Tableau Techniques: Pros and Cons of Blending vs. Joining
- With Tableau, you can blend, bend, and join the data according to your needs.
- With data blending, you can get real-time updates regarding any information you want.
- There is always an element of risk involved in data joining. The information can be duplicated.
Tableau has become a potent data analysis and visualization tool, enabling businesses to use their data to make wise decisions. The two core strategies that make Tableau’s toolbox are blending and joining. This article explores the various restrictions and advantages of merging and data blending in Tableau.
Using Tableau’s blend integration mechanism, users can integrate info from several sources. It offers a mechanism to correlate related stuff without conventional database joins. Blending is helpful when working with sources that can’t be brought together directly.
How to Blend Data in Tableau?
Data from different sources that cannot be directly connected because of different structures or databases are combined using Tableau’s blending feature. The following steps will show you how to combine the information in Tableau:
Connect to Data Sources
- Select your primary source and connect to it. This will be the main source to which you’ll blend other sources.
Add Secondary Data Source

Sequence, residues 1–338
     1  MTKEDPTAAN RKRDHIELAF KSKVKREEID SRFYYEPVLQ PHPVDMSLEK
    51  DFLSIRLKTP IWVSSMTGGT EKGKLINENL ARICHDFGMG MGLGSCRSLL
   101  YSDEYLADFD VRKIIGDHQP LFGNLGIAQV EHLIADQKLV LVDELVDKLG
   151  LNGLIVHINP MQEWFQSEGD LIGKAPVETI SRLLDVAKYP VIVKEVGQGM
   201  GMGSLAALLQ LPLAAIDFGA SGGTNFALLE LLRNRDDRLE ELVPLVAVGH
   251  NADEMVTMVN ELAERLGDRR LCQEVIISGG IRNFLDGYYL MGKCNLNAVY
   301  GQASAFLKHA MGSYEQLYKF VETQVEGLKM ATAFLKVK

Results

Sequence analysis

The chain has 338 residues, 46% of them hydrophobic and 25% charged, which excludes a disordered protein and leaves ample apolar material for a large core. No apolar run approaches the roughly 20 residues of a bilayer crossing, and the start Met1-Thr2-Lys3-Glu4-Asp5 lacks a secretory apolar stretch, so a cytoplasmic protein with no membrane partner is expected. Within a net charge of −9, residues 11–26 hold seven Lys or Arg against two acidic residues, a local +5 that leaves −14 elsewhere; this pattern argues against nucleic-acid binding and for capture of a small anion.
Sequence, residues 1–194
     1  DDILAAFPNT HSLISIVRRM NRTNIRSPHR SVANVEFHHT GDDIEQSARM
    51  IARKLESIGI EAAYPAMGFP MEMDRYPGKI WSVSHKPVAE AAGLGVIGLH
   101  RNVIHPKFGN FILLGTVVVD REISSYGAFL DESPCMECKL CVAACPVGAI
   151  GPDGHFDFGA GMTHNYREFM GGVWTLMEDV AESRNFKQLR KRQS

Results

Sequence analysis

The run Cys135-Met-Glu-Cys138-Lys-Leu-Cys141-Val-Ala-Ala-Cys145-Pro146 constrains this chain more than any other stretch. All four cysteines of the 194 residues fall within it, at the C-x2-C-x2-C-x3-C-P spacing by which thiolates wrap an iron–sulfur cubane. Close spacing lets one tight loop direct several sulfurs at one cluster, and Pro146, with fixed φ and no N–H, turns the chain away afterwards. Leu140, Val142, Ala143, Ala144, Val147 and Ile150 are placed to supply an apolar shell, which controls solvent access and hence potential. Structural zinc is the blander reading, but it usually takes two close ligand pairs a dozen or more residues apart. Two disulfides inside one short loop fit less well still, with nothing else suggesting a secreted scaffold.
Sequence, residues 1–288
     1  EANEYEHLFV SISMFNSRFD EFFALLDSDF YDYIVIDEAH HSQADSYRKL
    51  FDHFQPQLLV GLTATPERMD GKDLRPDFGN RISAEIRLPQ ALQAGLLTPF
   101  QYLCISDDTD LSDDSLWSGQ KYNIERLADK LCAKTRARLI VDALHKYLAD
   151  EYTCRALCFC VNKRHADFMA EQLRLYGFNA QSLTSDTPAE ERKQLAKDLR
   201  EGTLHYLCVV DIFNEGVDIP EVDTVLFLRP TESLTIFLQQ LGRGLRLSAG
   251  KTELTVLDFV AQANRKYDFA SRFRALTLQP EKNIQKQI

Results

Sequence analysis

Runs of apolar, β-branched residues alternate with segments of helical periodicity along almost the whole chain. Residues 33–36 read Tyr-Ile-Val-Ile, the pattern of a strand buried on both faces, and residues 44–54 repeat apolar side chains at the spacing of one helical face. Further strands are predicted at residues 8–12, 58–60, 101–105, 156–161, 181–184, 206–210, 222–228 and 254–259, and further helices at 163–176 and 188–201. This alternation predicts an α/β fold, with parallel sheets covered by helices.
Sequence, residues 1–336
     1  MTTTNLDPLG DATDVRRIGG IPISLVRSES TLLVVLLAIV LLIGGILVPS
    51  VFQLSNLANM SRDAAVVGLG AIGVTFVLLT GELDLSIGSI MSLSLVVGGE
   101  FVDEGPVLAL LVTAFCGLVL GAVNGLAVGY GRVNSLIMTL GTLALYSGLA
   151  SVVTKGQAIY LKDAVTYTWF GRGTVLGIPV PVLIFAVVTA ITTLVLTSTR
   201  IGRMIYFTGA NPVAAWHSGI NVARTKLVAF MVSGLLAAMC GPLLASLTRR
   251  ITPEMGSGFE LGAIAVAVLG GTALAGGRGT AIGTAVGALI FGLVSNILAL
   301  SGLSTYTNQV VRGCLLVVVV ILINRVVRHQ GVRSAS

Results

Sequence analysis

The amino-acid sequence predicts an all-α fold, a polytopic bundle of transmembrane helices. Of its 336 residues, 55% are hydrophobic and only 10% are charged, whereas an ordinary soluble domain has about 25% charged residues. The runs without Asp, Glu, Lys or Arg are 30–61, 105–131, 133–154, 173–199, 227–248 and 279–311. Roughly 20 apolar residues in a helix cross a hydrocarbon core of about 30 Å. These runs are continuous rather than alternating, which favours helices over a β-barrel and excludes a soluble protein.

- After connecting to the primary source, go to the “Data” pane on the left.
- Click “Add” under the “Connections” section to connect to your secondary sources.
- In the “Data” pane, your primary and secondary sources are listed.
- Drag a field from the primary source and drop it onto a corresponding field in the secondary source. This establishes a relationship between the two sources.
- Click on the link icon to open the “Edit Relationships” dialog.
- Configure how the information should be blended by specifying which fields to use for the relationship.
Work with Blended Data
- Once the relationships are defined, you can use blended info in your worksheets.
- Create a worksheet by dragging dimensions and measurements onto the Rows and Columns shelves.
Pros of Blending
Even if the databases or connections have distinct formats or schemas, you can integrate data via blending. This flexibility is particularly helpful when working with various sources that are difficult to combine via a conventional join.
Reduced data duplication
Because blending doesn’t produce a new combined dataset, it helps prevent duplication. Instead, it allows for the correlation of pertinent data while preserving the original sources.
Data blending can be used with dynamic sources since it supports real-time data changes.
Cons of Blending
Blending and joining may execute at different speeds, especially when working with huge datasets. Response times could be impacted by the need to query each source separately.
When working with blended data, your analytical powers may be constrained by limits in some Tableau features, such as calculated fields and quick table calculations.
Complexity in setup
The linkages between sources, dimensions, and measures must be carefully considered during configuring data blending, which can be difficult and time-consuming.
To have further insights, take a look at this video https://youtu.be/HM81vShSlWY.